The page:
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Harry Belafonte performed at 1967 fundraiser during Martin Luther King Jr's last visit to Houston

Ku Klux Klansmen distributed hate tracts outside the Sam Houston Coliseum downtown, and stink bombs planted inside the arena sent many in the crowd to the exits.

HOUSTON — The Rev. Martin Luther King Jr. brought his message of inclusion to Houston for the last time in October 1967 and Harry Belafonte, who died Tuesday at 96, came with him.

More than 4,000 people packed into the Sam Houston Coliseum for a fundraiser that featured concerts by Belafonte and Aretha Franklin.

Ku Klux Klansmen distributed hate tracts outside and planted stink bombs inside the arena that sent many in the crowd to the exits.

King continued his address despite the disturbances.

“We are going to build right here a nation where men and women, black and white, Jew and Gentile, Protestant and Catholic, will stand together and sing the words of that old Negro spiritual, ‘Free at last, free at last. Thank God Almighty, we’re free at last,’” he pronounced.

The rally ended quickly and they all returned to the Rice Hotel. That's where Carol Mims Galloway, a civil rights activist who served on a local NAACP committee, said she met Belafonte.

"He was so warm," she said.

She said Belafonte and the others took a service elevator up to a suite to avoid more trouble during those turbulent times.

"They didn’t want anybody, the whites, to know that we were in the hotel," Galloway said.

The rally disruption may have been a blessing for her who also helped hire a three-piece band.

“He said 'We’re not going to let this good music go to waste' – so he and I danced the entire time up until about 12 o’clock," Galloway remembers.

She said they also spoke about the movement and Belafonte’s role in working for civil rights, something Galloway believes he was most proud of.

“He was more into making sure people got justice and rights and fighting for them – he was really a fighter, to tell you the truth," she said.

Belafonte befriended King in the spring of 1956 after the young civil rights leader called and asked for a meeting. They spoke for hours, and Belafonte would remember feeling King raised him to the “higher plane of social protest.” 

Then at the peak of his singing career, Belafonte risked his career by producing a benefit concert for the bus boycott in Montgomery, Alabama that helped make King a national figure. By the early 1960s, the singer had decided to make civil rights his priority.

“I was having almost daily talks with Martin,” Belafonte wrote in his memoir “My Song,” published in 2011. “I realized that the movement was more important than anything else.”

When King was assassinated in 1968, Belafonte helped pick out the suit he was buried in, sat next to his widow, Coretta, at the funeral, and continued to support his family, in part through an insurance policy he had taken out on King in his lifetime.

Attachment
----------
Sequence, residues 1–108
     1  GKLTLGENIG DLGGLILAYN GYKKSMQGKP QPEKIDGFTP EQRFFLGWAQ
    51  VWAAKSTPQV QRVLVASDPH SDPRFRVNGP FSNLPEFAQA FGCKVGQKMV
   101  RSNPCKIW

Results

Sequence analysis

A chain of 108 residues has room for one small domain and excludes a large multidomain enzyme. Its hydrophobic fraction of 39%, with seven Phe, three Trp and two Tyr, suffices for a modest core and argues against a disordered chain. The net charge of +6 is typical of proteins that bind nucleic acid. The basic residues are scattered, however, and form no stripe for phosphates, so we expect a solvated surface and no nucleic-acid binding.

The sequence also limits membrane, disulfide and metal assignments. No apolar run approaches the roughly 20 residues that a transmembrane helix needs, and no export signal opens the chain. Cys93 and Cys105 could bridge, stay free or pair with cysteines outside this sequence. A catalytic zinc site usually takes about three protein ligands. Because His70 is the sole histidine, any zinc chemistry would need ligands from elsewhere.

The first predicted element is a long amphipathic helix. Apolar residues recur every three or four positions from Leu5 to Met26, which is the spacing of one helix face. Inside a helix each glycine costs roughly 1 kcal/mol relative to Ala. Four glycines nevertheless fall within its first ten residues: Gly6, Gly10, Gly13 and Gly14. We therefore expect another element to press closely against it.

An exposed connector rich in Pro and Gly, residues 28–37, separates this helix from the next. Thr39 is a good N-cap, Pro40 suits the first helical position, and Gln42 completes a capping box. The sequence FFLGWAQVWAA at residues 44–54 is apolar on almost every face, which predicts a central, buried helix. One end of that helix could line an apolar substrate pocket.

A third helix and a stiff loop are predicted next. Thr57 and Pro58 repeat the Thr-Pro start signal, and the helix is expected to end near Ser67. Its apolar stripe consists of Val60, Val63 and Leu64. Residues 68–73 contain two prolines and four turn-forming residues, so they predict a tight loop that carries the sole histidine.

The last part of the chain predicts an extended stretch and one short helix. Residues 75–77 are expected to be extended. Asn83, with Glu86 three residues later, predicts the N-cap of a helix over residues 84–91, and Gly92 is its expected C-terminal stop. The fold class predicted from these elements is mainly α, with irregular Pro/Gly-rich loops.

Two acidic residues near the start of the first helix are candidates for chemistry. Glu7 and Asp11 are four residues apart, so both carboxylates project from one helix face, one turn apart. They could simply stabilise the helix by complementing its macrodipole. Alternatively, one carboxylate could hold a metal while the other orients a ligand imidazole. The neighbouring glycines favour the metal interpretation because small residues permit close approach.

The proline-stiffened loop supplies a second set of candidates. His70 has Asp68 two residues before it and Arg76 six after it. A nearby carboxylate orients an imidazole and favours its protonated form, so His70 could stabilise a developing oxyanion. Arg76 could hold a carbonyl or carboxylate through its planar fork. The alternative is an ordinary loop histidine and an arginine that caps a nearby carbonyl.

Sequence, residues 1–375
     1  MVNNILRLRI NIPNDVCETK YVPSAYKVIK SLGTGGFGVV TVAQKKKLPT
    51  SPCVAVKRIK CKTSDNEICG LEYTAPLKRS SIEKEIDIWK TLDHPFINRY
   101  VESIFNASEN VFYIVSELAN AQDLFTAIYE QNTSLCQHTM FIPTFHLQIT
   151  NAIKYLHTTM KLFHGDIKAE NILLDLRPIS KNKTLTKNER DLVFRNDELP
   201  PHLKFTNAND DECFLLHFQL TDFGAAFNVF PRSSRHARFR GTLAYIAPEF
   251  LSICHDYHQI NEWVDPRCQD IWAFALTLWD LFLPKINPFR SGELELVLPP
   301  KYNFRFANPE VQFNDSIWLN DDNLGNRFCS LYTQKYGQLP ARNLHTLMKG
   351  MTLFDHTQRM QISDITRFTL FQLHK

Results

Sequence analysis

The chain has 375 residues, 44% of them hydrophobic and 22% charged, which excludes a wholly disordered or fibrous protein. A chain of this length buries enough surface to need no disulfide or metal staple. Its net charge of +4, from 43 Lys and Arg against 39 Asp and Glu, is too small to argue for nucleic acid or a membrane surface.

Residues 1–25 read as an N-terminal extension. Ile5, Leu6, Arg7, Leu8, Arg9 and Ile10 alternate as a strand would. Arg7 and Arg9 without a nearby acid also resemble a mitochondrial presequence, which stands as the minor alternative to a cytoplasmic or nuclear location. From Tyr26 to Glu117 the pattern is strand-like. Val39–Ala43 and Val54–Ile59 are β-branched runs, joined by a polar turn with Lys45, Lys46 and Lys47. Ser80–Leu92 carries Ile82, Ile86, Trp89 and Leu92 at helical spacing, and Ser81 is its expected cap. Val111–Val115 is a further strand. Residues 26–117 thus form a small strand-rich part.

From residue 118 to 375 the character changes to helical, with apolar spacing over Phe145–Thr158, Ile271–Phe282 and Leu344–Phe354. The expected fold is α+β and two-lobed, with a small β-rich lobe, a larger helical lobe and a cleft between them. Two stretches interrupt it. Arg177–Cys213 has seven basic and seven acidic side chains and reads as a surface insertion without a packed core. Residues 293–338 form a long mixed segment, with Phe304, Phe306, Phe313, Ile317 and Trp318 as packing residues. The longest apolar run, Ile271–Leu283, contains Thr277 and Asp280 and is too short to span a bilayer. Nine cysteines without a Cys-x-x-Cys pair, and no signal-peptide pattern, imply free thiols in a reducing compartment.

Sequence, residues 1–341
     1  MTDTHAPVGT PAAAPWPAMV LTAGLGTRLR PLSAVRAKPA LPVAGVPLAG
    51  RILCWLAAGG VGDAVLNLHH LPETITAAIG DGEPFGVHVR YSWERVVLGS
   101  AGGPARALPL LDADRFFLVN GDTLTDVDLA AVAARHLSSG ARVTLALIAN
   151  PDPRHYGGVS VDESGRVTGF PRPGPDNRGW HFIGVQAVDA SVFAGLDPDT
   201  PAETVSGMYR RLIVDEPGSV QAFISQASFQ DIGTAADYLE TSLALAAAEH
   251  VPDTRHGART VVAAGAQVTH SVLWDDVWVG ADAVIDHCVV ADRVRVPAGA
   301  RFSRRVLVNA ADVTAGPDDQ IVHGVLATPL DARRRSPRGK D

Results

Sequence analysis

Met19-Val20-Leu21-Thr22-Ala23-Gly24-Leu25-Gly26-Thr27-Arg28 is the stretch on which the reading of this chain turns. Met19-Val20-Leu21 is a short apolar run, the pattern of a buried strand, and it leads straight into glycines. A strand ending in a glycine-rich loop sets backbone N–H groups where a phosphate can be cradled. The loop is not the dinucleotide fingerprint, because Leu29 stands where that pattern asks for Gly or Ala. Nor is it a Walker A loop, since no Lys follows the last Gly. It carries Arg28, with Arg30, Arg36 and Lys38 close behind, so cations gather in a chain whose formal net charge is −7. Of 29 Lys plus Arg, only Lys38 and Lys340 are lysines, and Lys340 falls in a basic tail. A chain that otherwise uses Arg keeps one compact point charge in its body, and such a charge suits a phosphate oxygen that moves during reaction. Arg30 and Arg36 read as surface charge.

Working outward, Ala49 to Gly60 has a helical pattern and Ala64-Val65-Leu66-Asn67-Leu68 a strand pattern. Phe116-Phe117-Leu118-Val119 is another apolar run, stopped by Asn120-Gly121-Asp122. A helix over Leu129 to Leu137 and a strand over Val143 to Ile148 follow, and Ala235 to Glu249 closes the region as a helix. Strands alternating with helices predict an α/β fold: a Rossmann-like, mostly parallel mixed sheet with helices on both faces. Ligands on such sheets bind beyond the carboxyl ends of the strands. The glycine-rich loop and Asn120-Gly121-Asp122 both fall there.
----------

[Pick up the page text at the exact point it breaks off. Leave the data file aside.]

Credit: AP
Seated in the front row at South View Cemetery in Atlanta on April 9, 1968 for the burial of Dr. Martin Luther King Jr. are (from left) Bernice, Yolanda and Martin King III, father; Mrs. King and singer Harry Belafonte. Dr. King’s parents are in background, woman at far left is unidentified. (AP Photo)

In her autobiography, Mrs. King said Belafonte remained a constant in the family's lives. 

“Whenever we got into trouble or when tragedy struck, Harry has always come to our aid, his generous heart wide open," she said.

Singer Harry Belafonte escorts Mrs.Coretta King , and three of her children to his private plane in Atlanta April 8, 1968. Mrs. King is going to Memphis to lead the march scheduled by her slain husband. The children are, from left, Dexter, Martin III and Yolanda. Rest of people are unidentified. (AP Photo)

Belafonte’s friend, civil rights leader Andrew Young, would note that Belafonte was the rare person to grow more radical with age. He was ever engaged and unyielding, willing to take on Southern segregationists, Northern liberals, the billionaire Koch brothers and the country’s first Black president, Barack Obama, whom Belafonte would remember asking to cut him “some slack.”

Belafonte responded, “What makes you think that’s not what I’ve been doing?”

In his later years, Belafonte risked his life and livelihood and set high standards for younger Black celebrities, scolding Jay Z and Beyonce for failing to meet their “social responsibilities,” and mentoring Usher, Common, Danny Glover and many others. In Spike Lee’s 2018 film “BlacKkKlansman,” he was fittingly cast as an elder statesman schooling young activists about the country’s past.

Belafonte's 1967 experience in Houston reportedly left him with a bad impression of the city. He finally returned five decades later, in 2017, for an appearance at the Wortham Theater. During "A Conversation With Harry Belafonte," he shared stories about his storied life as an activist and entertainer. 

The Sam Houston Coliseum was torn down to make room for the Hobby Center for the Performing Arts. The Rice Hotel now houses residential lofts and is known as The Rice.

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